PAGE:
Assessing opportunity and relocation costs of marine protected areas using a behavioural model of longline fleet dynamics

Assessing opportunity and relocation costs of marine protected areas using a behavioural model of... Increasing use of spatial management tools in fisheries requires an understanding of fleet response, and in particular to where displaced fishing effort is likely to move. We develop a state‐dependent decision‐making model to address the spatial allocation of effort in an Australian tuna longline fishery. We assume that fishers have an economic objective in deciding where to fish, but that decisions in any period are also influenced by the remaining quota held at the time of the decision. Key features of the model include endogenous price dynamics, a moving stock and a competitive pool of different vessel types operating from different port locations. We utilize this model to illustrate fleet responses to marine reserves and limits on fishing effort. The results illustrate that the model framework provides advantages over statistically based models in that decisions made in response to the imposition of a reserve are not consistent with a proportional reallocation of effort. Rather, the stochastic dynamic model yielded an overall profit level of ∼4% higher relative to scenarios with no reserve. Incorporating the opportunity cost of a quota into the model resulted in an optimal utilization of effort, in which effort was concentrated in time periods and locations yielding maximized profit. Under a low level of effort relative to the season length, the model indicated an overall profit level 43% greater than the highest obtained when the same level of effort was applied solely within any given quarter of the season. http://www.deepdyve.com/assets/images/DeepDyve-Logo-lg.png Fish and Fisheries Wiley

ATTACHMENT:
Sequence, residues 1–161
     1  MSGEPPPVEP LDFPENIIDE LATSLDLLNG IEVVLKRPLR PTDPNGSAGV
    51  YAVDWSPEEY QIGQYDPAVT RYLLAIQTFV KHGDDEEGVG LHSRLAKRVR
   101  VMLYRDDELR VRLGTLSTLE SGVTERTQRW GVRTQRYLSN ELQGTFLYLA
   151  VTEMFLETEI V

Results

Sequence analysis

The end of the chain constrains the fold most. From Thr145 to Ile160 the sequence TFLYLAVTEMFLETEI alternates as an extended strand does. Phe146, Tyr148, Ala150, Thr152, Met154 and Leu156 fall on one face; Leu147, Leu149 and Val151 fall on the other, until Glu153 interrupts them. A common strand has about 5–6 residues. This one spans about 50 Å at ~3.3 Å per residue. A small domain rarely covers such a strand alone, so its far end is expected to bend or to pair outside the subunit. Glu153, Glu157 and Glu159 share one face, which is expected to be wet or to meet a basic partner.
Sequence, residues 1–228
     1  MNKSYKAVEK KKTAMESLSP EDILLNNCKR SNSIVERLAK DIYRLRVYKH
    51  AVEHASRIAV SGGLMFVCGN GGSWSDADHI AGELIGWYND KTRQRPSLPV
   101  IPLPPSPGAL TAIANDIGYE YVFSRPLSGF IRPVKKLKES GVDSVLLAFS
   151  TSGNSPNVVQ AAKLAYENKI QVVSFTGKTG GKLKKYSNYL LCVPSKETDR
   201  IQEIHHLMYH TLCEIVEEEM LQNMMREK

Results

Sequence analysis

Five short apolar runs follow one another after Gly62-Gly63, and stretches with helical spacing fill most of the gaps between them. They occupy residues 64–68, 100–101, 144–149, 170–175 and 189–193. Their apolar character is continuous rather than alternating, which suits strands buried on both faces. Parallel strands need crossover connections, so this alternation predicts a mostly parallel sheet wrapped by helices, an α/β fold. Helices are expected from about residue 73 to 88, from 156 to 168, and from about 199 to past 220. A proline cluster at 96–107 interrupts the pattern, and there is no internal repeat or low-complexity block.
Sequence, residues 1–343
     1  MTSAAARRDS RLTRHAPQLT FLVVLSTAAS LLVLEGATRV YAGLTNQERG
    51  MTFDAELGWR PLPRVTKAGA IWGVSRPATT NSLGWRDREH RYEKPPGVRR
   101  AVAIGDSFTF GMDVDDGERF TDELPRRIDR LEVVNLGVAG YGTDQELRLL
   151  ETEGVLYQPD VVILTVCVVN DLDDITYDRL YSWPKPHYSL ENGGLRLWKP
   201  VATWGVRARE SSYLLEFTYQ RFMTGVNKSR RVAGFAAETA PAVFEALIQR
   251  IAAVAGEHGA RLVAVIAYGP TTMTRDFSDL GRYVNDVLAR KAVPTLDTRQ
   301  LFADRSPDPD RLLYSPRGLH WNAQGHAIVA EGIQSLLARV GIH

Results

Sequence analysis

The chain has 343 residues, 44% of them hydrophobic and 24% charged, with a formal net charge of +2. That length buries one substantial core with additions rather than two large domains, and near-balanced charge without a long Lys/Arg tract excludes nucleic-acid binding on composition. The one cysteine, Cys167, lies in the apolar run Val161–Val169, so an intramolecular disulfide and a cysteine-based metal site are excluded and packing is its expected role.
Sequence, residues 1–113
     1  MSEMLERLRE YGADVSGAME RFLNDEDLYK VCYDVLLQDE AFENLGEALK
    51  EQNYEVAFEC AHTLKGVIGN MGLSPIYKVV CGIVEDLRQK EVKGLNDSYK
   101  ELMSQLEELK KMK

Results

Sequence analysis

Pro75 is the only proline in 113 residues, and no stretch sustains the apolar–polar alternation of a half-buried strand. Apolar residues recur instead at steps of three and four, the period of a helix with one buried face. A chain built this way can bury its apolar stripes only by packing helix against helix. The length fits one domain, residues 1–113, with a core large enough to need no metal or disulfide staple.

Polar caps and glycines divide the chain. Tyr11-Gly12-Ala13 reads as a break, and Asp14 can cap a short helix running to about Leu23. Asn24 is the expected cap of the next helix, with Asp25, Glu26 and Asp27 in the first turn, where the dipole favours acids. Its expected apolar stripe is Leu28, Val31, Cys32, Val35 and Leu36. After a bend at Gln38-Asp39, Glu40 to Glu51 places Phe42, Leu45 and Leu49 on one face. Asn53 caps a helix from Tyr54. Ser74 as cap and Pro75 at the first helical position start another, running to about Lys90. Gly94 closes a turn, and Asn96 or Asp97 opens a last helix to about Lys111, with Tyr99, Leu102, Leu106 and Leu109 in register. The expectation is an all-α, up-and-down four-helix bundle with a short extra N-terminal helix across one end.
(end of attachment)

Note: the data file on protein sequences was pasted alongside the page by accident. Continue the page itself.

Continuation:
Assessing opportunity and relocation costs of marine protected areas using a behavioural model of longline fleet dynamics

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Publisher
Wiley
Copyright
© 2011 Blackwell Publishing Ltd
ISSN
1467-2960
eISSN
1467-2979
D.O.I.
10.1111/j.1467-2979.2011.00422.x
Publisher site
See Article on Publisher Site

Abstract

Increasing use of spatial management tools in fisheries requires an understanding of fleet response, and in particular to where displaced fishing effort is likely to move. We develop a state‐dependent decision‐making model to address the spatial allocation of effort in an Australian tuna longline fishery. We assume that fishers have an economic objective in deciding where to fish, but that decisions in any period are also influenced by the remaining quota held at the time of the decision. Key features of the model include endogenous price dynamics, a moving stock and a competitive pool of different vessel types operating from different port locations. We utilize this model to illustrate fleet responses to marine reserves and limits on fishing effort. The results illustrate that the model framework provides advantages over statistically based models in that decisions made in response to the imposition of a reserve are not consistent with a proportional reallocation of effort. Rather, the stochastic dynamic model yielded an overall profit level of ∼4% higher relative to scenarios with no reserve. Incorporating the opportunity cost of a quota into the model resulted in an optimal utilization of effort, in which effort was concentrated in time periods and locations yielding maximized profit. Under a low level of effort relative to the season length, the model indicated an overall profit level 43% greater than the highest obtained when the same level of effort was applied solely within any given quarter of the season.

Journal

Fish and FisheriesWiley

Published: Jun 1, 2012

References

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